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Don’t wait — prep now for hurricane season

It’s time to get supplies together and make a plan.

Mississippi and Lincoln County are no strangers to hurricanes and the damage they can bring. Eighteen storms in 2019 were named, six of which became hurricanes, including three major of Category 3 or higher. According to meteorologists at The Weather Company, the 2020 season is expected to bring 18 named storms and nine hurricanes — four of which will be Category 3 or higher.

Hurricanes Katrina (2005), Elena (1985) and Frederic (1979) — each of which caused significant damage in Mississippi — were Category 3 hurricanes. Katrina caused damage in all 82 counties of Mississippi, according to “Information relating to the federal appropriations for Katrina recover,” published by the office of then-Gov. Haley Barbour.

The 30-year normalized average (1981-2010) is 13 named storms and seven hurricanes, three major. Since then, the average has been 16 named storms and seven hurricanes, three major.

This week is National Hurricane Preparedness Week. Hurricane season officially begins June 1 and runs through November, but waiting until the last minute to prepare is not wise for anything.

“Don’t wait until hurricane season to prepare. Start now,” said Tom King, commissioner of the Mississippi Department of Transportation Southern Transportation District. “An above-average hurricane season is predicted for this year. Before any tropical weather forms, residents should have an evacuation plan in place.”

MDOT provides free travel resources — including evacuation maps in English, Spanish and Vietnamese — and the MDOT Traffic mobile app, which the agency will use to publish emergency alerts, as well as real-time traffic conditions statewide.

“The resources are there to ensure you keep yourself and loved ones safe when a tropical system threatens,” said King. “It’s up to you to create an evacuation plan before the storm and stay prepared during hurricane season.”

This year’s preparations must include extra precautions due to the ongoing threat of coronavirus COVID-19, said Mississippi Insurance Commissioner Mike Chaney. Masks, hand sanitizer and disinfectants should be added to an individual’s or family’s “Go Bag” — a portable kit that should include items required for survival for 72 hours when evacuating from a disaster.

The Mississippi Insurance Department also recommends the following to be included in a Go Bag:

• Cash. If the power is out, credit or debit cards won’t work. Keep cash on hand for replenishing supplies.

• Medications: Pack any necessary medications and assume you may not have access to refills for several days.

• Radio: A battery-powered radio may be the only way to hear updated information if electricity is out and cell towers are inoperable.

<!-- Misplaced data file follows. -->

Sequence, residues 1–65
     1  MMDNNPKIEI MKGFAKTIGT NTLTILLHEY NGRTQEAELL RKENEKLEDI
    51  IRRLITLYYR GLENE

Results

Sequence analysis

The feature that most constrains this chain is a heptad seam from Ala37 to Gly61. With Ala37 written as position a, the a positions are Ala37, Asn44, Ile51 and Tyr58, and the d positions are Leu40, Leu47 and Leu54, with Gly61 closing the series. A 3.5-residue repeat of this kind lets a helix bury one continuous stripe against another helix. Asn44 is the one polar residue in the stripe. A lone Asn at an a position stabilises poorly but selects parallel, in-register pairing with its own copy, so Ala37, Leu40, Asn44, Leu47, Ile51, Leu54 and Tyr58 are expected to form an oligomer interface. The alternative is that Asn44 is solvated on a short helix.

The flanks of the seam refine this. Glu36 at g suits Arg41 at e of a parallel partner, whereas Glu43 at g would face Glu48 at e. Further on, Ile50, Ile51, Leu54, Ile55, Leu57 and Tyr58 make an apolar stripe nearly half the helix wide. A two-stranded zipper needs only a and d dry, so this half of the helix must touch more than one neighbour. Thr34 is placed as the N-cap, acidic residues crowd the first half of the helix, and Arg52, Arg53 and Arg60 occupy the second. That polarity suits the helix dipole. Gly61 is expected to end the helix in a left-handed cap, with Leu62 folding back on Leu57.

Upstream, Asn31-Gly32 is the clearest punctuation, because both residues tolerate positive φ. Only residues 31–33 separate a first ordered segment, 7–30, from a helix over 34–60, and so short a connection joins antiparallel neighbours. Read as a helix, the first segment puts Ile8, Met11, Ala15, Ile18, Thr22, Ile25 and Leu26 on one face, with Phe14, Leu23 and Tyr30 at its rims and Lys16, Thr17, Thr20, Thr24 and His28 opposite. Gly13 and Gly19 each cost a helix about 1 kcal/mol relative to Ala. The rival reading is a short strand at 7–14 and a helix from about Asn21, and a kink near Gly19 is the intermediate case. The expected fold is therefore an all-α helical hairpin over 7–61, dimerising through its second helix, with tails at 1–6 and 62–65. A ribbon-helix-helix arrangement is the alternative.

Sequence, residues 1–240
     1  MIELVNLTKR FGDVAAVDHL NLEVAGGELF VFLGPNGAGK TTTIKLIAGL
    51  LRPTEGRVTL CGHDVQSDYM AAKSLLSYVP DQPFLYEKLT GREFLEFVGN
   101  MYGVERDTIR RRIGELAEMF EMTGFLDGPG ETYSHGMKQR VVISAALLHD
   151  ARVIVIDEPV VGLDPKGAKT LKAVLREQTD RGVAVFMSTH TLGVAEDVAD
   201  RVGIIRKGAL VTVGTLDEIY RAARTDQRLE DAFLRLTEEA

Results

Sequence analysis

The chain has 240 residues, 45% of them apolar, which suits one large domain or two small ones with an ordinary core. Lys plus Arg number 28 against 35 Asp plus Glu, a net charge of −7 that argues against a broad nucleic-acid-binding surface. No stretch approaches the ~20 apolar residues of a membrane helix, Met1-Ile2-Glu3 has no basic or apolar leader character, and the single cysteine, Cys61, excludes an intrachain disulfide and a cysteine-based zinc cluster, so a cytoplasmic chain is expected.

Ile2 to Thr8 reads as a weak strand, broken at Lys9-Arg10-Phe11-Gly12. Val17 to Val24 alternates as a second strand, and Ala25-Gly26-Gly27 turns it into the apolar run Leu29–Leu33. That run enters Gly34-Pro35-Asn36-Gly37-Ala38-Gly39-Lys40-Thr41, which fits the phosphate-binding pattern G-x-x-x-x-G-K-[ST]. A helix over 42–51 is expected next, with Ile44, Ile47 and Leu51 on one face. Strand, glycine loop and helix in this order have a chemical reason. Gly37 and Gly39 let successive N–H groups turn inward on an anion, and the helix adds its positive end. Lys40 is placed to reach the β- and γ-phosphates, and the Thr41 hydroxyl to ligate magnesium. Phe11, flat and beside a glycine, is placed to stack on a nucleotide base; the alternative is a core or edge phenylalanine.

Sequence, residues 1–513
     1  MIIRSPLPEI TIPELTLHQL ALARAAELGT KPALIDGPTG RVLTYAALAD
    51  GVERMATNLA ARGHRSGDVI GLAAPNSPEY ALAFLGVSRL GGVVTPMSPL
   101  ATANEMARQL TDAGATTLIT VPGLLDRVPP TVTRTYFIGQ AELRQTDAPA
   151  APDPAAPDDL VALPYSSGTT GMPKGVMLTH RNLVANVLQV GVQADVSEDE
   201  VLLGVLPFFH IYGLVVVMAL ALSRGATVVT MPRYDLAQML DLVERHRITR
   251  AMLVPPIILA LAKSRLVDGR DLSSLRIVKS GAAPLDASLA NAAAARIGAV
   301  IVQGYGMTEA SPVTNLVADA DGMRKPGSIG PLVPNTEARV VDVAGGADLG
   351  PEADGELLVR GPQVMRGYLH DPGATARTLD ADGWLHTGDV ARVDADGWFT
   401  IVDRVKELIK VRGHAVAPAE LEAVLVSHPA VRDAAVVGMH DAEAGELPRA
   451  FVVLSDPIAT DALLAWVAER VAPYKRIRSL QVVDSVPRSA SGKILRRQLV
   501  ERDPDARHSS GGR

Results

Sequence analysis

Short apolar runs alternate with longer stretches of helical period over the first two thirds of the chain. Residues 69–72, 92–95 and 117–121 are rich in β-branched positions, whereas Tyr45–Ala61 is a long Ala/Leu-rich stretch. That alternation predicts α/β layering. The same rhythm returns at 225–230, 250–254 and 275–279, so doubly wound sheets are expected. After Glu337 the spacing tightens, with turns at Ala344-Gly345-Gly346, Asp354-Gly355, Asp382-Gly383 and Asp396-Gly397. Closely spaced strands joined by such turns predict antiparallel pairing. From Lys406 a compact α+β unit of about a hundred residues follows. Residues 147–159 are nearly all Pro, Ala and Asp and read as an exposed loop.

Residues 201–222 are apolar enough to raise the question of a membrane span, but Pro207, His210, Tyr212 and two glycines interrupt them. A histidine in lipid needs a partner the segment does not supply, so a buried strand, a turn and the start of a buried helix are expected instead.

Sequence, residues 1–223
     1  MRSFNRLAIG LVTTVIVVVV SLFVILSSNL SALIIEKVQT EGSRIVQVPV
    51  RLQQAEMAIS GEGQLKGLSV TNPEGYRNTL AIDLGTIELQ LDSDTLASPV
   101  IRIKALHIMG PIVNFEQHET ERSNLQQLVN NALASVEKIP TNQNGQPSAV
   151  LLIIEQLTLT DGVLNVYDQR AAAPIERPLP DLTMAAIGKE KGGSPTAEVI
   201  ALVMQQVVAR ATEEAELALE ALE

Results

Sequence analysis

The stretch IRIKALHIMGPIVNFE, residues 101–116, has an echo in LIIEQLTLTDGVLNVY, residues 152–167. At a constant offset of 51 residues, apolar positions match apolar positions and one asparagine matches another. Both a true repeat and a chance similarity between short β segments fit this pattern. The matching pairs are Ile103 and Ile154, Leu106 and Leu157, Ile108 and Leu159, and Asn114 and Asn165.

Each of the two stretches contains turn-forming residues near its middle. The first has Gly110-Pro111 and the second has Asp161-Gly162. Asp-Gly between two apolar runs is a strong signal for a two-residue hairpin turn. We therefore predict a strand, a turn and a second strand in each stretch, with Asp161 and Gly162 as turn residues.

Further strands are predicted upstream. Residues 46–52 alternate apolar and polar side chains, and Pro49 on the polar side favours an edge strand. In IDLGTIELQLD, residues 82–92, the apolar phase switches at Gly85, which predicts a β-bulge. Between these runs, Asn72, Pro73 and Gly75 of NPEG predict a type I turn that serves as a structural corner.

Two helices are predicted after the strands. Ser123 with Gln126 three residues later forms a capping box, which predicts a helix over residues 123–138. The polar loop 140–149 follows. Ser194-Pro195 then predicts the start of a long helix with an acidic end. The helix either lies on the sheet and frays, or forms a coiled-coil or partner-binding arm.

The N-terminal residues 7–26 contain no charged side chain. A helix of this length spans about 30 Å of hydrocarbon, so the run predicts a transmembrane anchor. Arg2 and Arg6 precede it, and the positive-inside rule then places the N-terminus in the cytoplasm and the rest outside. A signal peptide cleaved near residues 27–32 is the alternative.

• Water: A gallon of water for each family member and pet guarantees safe drinking water.

• Important documents: Social security cards, passports, birth certificates, driver licenses and more could all be lost or destroyed in a flood, wildfire or other natural disaster. Keep copies of these documents in a waterproof container or digital image saved online. Include copies of insurance policies so you can quickly file a claim once the danger has passed.

The Mississippi Emergency Management Association also specifies a three-day supply of non-perishable foods, a flashlight with extra batteries, phone chargers, a multi-purpose tool, personal hygiene and sanitation items and a first aid kit.

“As we continue to social distance because of COVID-19, consider where you would go if you had to evacuate because of a storm,” said Commissioner Chaney. “Mississippi storm shelters are practicing social distancing. Find out where you could safely go, what you would need to bring with you, and create a communication plan with your family so everyone understands what to do.”

Evacuations are more common than people realize. Make yourself familiar with your community’s evacuation zones, so you will know exactly where to go. If a hurricane threatens your community and local officials say it’s time to evacuate, don’t hesitate. Go early.

MID also cautions homeowners and renters to review insurance coverage now. Those without flood insurance who are considering purchasing a policy should remember there is a 30-day waiting period if the policy is purchased through the National Flood Insurance Program.

For more information about hurricane preparation, visit GoMDOT.com/hurricanes. Also visit www.msema.org for additional safety information and a downloadable guide for hurricane preparedness. For help with an insurance question or claim, visit www.mid.ms.gov or call 601-359-3569.